Reports that Israel’s plan to buy a dozen V-22 Osprey tiltrotor troop transports is dead are — as Mark Twain said after reading his own incorrect obituary — greatly exaggerated. A U.S. Letter of Agreement offering a bargain price and early delivery of the first six of 12 Ospreys requested by Israel formally expired on Wednesday amid… Keep reading →
WASHINGTON: As the wars draw down and budgets shrink, the massive Army Materiel Command — 70,000 military and civilian personnel at arsenals, depots, and other facilities in all 50 states — is shifting gears and taking on new missions.
Some longstanding efforts are winding down, explained Lt. Gen. Patricia McQuistion, AMC’s new deputy commander, at a breakfast hosted this morning by the Association of the US Army. The command is buying less ammunition and more of what it buys will be training ammo as opposed to live rounds for combat. Likewise, after a massive investment in uparmored Humvees and MRAPs, the Army has more trucks than it expects to need, and it’s up to AMC to get rid of them. “As tactical wheeled vehicles come down, we’ll be able to divest some of those,” McQuistion said. Keep reading →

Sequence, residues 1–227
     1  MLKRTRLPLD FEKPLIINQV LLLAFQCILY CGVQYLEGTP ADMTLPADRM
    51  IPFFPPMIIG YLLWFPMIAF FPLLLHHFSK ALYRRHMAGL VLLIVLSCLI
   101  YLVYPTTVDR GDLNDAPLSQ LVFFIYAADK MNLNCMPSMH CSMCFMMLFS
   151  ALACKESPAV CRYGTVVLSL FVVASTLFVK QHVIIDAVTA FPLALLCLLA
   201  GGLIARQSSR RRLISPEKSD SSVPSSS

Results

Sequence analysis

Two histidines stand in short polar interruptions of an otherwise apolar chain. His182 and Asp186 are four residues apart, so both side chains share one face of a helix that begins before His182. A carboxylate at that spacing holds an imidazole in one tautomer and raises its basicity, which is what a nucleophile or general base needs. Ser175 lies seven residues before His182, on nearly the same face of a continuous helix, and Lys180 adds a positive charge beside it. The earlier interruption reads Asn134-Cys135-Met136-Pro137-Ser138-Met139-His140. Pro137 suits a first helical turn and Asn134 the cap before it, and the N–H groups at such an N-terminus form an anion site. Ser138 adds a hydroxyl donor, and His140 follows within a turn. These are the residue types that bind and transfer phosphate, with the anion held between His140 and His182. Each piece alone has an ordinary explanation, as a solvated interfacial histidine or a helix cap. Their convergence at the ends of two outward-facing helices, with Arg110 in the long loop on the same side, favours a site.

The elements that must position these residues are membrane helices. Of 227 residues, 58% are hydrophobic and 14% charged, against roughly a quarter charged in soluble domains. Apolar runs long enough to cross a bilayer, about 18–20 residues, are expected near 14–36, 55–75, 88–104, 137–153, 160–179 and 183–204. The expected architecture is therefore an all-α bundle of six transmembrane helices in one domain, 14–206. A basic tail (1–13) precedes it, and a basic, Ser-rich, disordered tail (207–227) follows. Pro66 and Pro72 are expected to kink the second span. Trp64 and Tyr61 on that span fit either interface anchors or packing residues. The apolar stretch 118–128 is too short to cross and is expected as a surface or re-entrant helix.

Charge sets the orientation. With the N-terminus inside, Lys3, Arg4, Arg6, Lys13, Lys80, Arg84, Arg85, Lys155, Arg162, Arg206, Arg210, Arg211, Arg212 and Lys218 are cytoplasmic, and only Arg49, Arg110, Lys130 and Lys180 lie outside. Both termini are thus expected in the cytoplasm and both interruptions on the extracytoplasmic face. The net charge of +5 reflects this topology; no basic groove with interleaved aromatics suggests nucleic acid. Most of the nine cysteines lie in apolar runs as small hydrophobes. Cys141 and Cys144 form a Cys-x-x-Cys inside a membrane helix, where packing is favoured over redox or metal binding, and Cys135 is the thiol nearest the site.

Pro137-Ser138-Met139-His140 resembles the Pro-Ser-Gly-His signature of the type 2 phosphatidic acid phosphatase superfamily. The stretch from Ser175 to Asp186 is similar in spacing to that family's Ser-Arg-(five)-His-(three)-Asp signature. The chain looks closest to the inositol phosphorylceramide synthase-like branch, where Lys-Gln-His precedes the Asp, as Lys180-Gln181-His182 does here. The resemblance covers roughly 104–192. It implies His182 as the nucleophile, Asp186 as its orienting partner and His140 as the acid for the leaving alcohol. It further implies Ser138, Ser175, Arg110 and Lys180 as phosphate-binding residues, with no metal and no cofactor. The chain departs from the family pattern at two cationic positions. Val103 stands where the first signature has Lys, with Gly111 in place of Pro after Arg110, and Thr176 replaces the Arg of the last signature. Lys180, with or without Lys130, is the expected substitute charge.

Washington: Defense giant Boeing is wasting no time pushing its newest attack helicopter onto the international market.
Boeing is already fielding informal solicitations from a number of foreign militaries about the newest version of the Army’s AH-64 Apache. Representatives from several foreign militaries visited Boeing’s facility in Mesa, Arizona to commemorate the delivery of the first Block III Apache to the Army, Mike Burke, director of business development for the company’s attack helicopter division, said yesterday. Keep reading →